Upbeat, satirical and utterly hilarious, the novels featuring Charlie and his manservant Jock Strapp had Johnny Depp laughing out loud after reading the script for the film “Mortdecai.” “I’d read them years before and they made me laugh out loud,” says Depp. “They are irreverent and insane in a way I thought would translate well to the screen.”
In “Mortdecai,” Charlie charms, schemes and blunders his way in and out of hilariously compromising situations as he attempts to beat out an array of international evildoers on the trail of a priceless Goya masterpiece that could also be the key to claiming missing Nazi millions.
Charlie Mortdecai is a connoisseur of good food, fine libations, beautiful women and the most elite trappings of wealth. He also frequently finds himself entangled in matters of an ambiguous legal nature. Asked by MI5, the British Security Service, to track down a missing Goya painting, Charlie hopes to discharge his debts to “Queen and country” by retrieving the purloined artwork.
“Actually, Charlie gets involved in finding the Goya because he sees an opportunity to sell it,” Depp says. “His aristocratic ways are intact, but his bank book is worn out and Charlie needs to rectify that.”
Badly behaved, violently snobbish and completely self-interested, Charlie was also endlessly appealing to the actor. “He is a blatant narcissist who has no relationship with the truth, except as he sees it,” says Depp. “What drew me to the character more than anything was the challenge of making this guy, who is a little bit shady and most definitely a con man, someone you can sympathize with.”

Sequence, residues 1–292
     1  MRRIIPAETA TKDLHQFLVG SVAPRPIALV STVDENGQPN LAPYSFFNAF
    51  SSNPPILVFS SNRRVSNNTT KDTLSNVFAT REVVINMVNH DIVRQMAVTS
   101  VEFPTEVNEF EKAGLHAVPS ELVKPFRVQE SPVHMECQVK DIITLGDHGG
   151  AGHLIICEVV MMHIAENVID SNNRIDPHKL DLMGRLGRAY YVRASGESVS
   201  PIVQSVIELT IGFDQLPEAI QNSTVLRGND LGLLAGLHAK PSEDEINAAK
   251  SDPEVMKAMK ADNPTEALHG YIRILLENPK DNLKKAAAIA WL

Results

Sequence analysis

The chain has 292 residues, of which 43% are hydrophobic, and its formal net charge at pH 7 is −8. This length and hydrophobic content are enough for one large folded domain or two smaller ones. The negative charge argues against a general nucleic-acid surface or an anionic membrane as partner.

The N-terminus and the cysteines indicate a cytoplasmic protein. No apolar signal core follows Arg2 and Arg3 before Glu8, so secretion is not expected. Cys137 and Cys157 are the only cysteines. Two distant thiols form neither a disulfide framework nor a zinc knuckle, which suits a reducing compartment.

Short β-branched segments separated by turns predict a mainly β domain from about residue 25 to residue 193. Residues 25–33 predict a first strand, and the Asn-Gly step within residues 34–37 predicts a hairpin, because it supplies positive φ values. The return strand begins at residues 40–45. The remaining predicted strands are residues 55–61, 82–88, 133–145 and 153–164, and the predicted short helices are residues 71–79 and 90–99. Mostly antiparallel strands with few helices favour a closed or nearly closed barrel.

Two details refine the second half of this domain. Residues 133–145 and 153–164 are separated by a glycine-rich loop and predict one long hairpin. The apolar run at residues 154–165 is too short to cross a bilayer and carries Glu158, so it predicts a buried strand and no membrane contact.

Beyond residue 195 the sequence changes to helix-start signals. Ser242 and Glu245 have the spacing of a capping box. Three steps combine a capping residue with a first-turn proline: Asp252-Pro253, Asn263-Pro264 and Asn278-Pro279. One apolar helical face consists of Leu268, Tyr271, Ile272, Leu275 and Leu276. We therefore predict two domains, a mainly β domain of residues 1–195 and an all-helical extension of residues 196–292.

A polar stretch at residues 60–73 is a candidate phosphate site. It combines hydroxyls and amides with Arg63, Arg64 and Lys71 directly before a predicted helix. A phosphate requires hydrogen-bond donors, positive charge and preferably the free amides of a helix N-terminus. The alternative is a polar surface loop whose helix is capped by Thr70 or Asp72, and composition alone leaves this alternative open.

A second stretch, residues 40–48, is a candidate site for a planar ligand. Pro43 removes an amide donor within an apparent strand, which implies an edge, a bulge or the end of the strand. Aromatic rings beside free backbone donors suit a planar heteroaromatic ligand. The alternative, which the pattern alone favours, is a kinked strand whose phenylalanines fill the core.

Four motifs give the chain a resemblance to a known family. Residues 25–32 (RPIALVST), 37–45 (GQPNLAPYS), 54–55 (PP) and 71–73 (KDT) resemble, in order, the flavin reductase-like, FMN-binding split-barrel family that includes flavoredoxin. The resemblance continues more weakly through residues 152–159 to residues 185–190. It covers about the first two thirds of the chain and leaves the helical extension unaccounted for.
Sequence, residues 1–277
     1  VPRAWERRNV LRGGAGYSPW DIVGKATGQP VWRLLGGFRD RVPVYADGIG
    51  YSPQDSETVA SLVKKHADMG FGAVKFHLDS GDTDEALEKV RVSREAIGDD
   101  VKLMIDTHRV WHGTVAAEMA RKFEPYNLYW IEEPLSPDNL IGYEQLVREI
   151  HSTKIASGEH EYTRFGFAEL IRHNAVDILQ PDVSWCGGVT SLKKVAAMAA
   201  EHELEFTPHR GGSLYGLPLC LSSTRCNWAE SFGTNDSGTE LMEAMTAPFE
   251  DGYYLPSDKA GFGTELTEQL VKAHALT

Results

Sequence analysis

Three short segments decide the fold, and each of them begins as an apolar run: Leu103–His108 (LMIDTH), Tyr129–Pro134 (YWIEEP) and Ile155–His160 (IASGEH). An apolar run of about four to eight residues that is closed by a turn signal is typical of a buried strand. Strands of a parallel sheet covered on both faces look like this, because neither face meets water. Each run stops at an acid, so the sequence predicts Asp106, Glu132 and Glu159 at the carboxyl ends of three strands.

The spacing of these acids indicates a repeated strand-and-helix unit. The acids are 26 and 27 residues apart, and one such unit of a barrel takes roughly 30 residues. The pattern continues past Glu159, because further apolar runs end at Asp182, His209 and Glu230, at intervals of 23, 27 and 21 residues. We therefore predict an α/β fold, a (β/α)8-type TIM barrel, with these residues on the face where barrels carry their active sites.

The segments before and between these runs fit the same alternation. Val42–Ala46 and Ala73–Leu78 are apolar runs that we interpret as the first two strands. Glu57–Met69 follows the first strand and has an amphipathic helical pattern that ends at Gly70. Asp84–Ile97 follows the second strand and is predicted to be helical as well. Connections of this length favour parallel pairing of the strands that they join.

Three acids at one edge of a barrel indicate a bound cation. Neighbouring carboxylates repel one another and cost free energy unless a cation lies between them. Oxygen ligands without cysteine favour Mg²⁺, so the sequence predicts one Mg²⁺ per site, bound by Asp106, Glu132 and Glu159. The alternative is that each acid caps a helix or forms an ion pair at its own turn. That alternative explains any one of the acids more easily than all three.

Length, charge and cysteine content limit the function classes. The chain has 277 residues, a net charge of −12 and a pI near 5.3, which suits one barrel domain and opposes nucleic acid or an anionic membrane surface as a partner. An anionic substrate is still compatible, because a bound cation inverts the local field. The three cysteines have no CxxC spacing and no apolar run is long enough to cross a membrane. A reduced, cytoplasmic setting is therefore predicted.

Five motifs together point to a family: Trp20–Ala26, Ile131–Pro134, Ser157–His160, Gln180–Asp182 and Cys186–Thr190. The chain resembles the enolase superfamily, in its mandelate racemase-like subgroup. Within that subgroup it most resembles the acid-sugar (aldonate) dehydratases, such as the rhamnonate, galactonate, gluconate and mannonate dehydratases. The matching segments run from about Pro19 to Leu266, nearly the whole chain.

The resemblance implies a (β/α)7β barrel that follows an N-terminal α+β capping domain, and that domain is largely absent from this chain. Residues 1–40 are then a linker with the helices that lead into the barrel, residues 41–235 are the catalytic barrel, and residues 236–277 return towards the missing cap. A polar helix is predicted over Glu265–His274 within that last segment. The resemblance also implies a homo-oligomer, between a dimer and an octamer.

Charlie’s luscious blonde wife Johanna is played by Academy Award® winner Gwyneth Paltrow. Johanna and Charlie have been together since college. She is posh and very clever—certainly more clever than Charlie. “Gwyneth is perfection as Johanna,” says Depp. “This a caper movie, teetering toward farce, and timing was everything. She had that down pat.”
Everywhere Charlie Mortdecai goes, he is accompanied by his manservant and right-hand-man Jock Strapp, a faithful but upbeat bruiser who dedicates his life to protecting his boss. British actor Paul Bettany, who plays Jock, was introduced to the project by Johnny Depp while the two were filming Transcendence. “Johnny asked me if I’d ever read the Mortdecai books,” remembers Bettany. “I hadn’t and he gave me all of them. Afterwards Johnny mentioned he was going to make them into a film and asked if I wanted to play Jock.”
Depp says that while Bettany is not known as a comedic actor, he is one of the funniest people around. “He was the only person who could play Jock in my eyes,” he adds. “That fact that he’s a big, tall, seemingly serious Nordic god of a man only makes it funnier.”
Charlie’s insecurities are reinforced by the arrival of Alistair Martland, an old friend from their college days who is still attracted to Johanna. A highly placed officer in the MI5 - British Security Service, Martland is a sensitive, softhearted poetry-reading detective who loses his composure whenever Johanna is around. On the trail of the missing Goya masterpiece, he comes to Charlie for help. McGregor was drawn to the film’s combination of wit and broad physical comedy. “It reminds me a lot of the Pink Panther movies from the 1970s,” he says. “There’s a humor to it that I haven’t seen on screen for a long time. It’s very cleverly written.”